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Area Office Vacancy Rate Rises to 16%

November 19, 1985|DANIEL AKST | Times Staff Writer

The vacancy rate for office space in the San Fernando and Conejo valleys rose to 16% by the end of the third quarter of 1985, up from 14% three months earlier, according to a new study.

But the vacancy rate in those areas was lower than in downtown Los Angeles or on the Westside, and rose more slowly, the survey found. By the end of the third quarter, the downtown vacancy rate was 17.5%, up from 10%, and the Westside's was 17%, up from 14%.

The survey was conducted by Grubb & Ellis, the nationwide realty firm. In the valleys it covered all of the 223 privately owned office buildings from Burbank to Thousand Oaks that have more than one tenant and contain more than 20,000 square feet.

New Space on Market

In that area, it found 2.1 million of the 13.3 million square feet of existing office space was unleased. The survey also counted 2.9 million square feet of space under construction, with only 4% of it leased in advance.

With all that space coming on the market, the vacancy rate for completed buildings in the area will certainly rise before it falls, said John Battle, an assistant vice president with Cushman & Wakefield in Warner Center.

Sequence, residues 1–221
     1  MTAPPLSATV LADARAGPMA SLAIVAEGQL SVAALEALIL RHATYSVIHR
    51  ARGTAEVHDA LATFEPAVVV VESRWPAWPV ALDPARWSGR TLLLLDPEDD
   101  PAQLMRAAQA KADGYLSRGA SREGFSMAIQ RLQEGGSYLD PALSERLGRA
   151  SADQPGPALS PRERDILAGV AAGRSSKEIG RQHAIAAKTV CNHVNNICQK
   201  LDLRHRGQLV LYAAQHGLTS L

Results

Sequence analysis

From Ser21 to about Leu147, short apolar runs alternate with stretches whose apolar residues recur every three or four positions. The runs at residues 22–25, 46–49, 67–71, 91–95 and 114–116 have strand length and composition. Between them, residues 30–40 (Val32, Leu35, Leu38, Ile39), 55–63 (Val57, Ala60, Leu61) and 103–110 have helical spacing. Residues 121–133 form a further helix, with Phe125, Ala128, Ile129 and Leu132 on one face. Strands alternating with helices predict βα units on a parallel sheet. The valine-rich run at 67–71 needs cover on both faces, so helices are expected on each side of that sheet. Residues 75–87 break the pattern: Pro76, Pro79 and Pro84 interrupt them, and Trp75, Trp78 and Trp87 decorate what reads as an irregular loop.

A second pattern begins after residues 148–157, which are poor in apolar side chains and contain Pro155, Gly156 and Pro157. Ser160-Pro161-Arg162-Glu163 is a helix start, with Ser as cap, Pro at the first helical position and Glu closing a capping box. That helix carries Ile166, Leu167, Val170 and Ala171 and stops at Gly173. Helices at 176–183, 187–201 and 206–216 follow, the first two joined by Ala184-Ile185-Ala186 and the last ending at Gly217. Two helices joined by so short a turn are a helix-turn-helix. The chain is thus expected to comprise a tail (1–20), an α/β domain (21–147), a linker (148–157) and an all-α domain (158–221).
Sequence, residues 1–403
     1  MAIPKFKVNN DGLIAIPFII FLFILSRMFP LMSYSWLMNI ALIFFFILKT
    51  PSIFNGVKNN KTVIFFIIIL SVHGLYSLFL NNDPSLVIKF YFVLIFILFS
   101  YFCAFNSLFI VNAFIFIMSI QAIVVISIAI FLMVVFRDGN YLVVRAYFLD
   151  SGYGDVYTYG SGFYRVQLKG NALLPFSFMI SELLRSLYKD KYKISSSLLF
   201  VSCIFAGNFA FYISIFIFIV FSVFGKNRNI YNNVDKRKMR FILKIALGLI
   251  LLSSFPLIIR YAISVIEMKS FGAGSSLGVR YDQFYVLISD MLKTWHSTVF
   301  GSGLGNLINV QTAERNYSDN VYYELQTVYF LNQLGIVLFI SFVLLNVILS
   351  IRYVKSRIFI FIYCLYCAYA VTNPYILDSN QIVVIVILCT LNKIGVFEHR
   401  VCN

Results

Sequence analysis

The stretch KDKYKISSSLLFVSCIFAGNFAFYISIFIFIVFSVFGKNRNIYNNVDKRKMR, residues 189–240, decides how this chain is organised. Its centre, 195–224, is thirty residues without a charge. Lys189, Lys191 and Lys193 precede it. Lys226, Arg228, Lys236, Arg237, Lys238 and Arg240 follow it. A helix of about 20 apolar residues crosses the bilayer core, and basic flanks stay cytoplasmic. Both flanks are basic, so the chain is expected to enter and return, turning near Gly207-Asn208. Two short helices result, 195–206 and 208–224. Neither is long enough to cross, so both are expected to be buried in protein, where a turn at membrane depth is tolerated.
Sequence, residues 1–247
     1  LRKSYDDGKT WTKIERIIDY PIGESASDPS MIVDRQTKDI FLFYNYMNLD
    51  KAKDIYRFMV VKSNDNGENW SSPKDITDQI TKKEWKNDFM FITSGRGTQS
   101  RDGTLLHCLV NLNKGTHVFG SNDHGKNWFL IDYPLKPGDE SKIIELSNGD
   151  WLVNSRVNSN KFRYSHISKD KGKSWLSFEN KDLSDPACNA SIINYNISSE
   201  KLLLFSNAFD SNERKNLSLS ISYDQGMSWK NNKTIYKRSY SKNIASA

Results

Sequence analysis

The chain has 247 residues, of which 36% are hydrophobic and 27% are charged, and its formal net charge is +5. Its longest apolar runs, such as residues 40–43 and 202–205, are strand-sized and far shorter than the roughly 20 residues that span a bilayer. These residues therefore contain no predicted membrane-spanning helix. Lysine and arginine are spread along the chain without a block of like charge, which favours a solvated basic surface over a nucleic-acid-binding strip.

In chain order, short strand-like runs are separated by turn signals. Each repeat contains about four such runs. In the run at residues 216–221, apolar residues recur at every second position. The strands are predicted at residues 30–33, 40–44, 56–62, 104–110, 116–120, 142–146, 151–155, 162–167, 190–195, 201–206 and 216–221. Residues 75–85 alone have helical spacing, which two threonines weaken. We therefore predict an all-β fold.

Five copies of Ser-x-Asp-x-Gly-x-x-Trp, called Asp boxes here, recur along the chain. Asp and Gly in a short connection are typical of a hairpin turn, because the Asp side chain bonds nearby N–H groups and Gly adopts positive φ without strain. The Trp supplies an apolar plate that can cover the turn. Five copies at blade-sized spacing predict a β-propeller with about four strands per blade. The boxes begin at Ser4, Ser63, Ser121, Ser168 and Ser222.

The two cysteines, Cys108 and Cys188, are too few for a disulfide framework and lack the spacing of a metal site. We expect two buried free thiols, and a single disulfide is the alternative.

He said the Grubb & Ellis study appears accurate, including the finding that conditions are better for commercial property owners in the Valley area than in, say, the Wilshire corridor.

"The Westside is a blood bath right now," he said. "I think it's probably the worst place to be a landlord."

4 Market Segments

The Conejo Valley, one of the four market segments in Grubb & Ellis' study of the San Fernando Valley-Conejo Valley office market, had the highest percentage of unleased office space. It had a vacancy rate of 21%, although that was down from 25.3% in the second quarter and 33% in the first.

The East Valley, defined by Grubb & Ellis as Burbank, Universal City, North Hollywood, and Studio City, had a vacancy rate of 20%, down from 22% in the second quarter and 23% in the first.

The central Valley--Sherman Oaks, Van Nuys, and Encino--had the most space and the lowest vacancy rate, just 11%, up from 8% the preceding quarter.

The West Valley--Woodland Hills, Calabasas, Canoga Park and Tarzana--had a vacancy rate of 16%, up from 10%. It has the second largest supply of office space among the four local market segments.

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